Inside Deep Throat

by

In what seems, surprisingly, like more innocent times, a Z-grade porno flick made for a little over $25,000 went on to become a cultural phenomenon and gross well over $600 million. This fast-paced and hugely entertaining documentary by Fenton Bailey and Randy Barbato (The Eyes of Tammy Faye) doesn’t entirely explain why 1972’s Deep Throat became such a sensation. Certain subjects seem to be beyond this documentary’s scope: the appeal of fellatio as a male fantasy that quells performance anxiety, and the advent of the film rating system, a self-censorship move that ironically facilitated the mainstreaming of porn. Instead, we get boilerplate about the sexual revolution as something that just, you know, happened.

But within the narrow focus, the film is about as thorough as one would wish. It offers a heady look back at a time when porn could actually be viewed as something liberating rather than desensitizing; an amateur’s craft (or hustle, with the mafia lurking in the background), rather than a billion-dollar industry riding formulas as woefully predictable as TV sitcoms. It has a comic cast of retired hustlers, professional bozos, one borderline insane evangelical and iconic talking heads like Norman Mailer and Gore Vidal. It also has about 10 seconds of graphic footage from the original film, hence the NC-17 rating.

Of all the people involved with Deep Throat, the two lead actors seem to have had the roughest post-fame careers. Star Harry Reems is shown at his high point, flanked by Jack Nicholson and Warren Beatty, an au courant symbol of artistic freedom, and later tells of his lowest point, panhandling on Sunset Boulevard after years of legal prosecution and a serious struggle with alcoholism. His current appearance in the documentary shows him to be hale and hearty.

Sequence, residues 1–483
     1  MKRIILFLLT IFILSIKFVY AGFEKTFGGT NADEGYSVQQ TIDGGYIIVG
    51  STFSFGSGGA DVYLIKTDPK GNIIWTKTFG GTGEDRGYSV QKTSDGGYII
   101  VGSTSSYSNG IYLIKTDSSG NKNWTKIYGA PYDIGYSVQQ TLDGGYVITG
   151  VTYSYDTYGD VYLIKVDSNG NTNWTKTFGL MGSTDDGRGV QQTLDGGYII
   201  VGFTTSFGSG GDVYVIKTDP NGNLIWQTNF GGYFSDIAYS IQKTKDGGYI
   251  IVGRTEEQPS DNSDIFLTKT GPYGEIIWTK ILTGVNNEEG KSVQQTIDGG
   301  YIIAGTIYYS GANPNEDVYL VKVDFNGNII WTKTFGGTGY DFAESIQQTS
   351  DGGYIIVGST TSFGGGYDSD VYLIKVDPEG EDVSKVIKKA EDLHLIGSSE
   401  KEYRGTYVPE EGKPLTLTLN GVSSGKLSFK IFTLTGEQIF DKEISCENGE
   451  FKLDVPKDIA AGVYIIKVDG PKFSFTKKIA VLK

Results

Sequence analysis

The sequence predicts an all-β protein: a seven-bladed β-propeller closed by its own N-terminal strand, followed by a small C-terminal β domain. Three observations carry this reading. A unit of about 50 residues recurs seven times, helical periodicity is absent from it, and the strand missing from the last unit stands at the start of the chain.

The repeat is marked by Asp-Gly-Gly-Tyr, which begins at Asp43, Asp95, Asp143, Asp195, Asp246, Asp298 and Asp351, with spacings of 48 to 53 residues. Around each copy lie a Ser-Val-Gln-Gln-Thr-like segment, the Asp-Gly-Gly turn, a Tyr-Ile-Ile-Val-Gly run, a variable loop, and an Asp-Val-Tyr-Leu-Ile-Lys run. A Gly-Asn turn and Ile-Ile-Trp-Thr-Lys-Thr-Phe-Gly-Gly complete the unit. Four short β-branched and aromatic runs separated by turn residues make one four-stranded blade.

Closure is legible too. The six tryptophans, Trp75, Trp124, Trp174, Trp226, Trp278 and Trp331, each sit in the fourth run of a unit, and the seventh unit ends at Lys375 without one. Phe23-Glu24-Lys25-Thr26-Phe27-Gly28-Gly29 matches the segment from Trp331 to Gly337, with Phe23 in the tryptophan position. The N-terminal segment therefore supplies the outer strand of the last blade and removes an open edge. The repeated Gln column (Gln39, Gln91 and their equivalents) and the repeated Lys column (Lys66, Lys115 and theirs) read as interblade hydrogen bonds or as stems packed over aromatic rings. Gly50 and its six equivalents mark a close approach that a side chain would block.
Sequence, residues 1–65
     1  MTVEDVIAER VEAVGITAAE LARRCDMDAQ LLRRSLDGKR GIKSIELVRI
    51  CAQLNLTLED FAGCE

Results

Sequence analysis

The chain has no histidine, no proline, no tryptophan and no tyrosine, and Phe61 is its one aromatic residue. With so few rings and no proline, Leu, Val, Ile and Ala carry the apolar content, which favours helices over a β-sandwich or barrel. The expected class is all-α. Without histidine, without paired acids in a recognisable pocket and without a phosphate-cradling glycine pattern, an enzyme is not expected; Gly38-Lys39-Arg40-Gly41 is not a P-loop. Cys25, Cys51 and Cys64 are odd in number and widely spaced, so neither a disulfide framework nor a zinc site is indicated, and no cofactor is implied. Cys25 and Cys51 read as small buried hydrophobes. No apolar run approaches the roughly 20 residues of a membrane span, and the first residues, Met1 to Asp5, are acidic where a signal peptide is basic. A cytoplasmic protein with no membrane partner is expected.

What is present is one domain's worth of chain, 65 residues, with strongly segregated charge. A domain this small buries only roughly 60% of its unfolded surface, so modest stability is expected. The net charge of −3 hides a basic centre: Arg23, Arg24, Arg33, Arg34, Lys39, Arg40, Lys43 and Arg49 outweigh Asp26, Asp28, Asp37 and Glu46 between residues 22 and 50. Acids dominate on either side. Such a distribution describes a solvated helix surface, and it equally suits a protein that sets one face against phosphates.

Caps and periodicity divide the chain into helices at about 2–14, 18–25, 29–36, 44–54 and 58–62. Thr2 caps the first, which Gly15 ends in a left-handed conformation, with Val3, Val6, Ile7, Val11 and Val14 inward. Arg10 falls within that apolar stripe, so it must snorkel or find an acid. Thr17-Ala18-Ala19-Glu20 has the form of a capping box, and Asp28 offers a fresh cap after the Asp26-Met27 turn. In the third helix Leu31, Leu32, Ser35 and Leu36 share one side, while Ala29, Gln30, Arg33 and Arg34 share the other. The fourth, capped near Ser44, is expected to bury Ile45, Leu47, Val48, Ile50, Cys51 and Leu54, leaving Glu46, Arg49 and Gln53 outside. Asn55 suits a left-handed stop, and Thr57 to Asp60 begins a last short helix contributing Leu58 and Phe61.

Meanwhile, the legendary Linda Lovelace drifted back into obscurity after Throat, re-emerging in the ’80s with a phalanx of feminists supporting her in her new role as a victim, someone who had been forced to perform in front of the camera. Lovelace said anyone viewing the film was “watching me being raped.” It was the performance of her career; her presentation of remorse was unimpeachable, even if the details she offered didn’t stand up under scrutiny. When that gig dried up, she went back to exploiting her infamy, even appearing in a Playboy spread. Later she died as a result of wounds suffered in a car accident.

A little sordid and a little absurd, the story of Deep Throat offers no great moral lessons, but ably documents a moment of upheaval in the culture wars — of which there will be many more, since the motivating engine, sex, ain’t going away.

 

Showing at the Main Art Theatre (118 N. Main St., Royal Oak). Call 248-263-2111.

Richard C. Walls writes about film for Metro Times. E-mail letters@metrotimes.com.

comment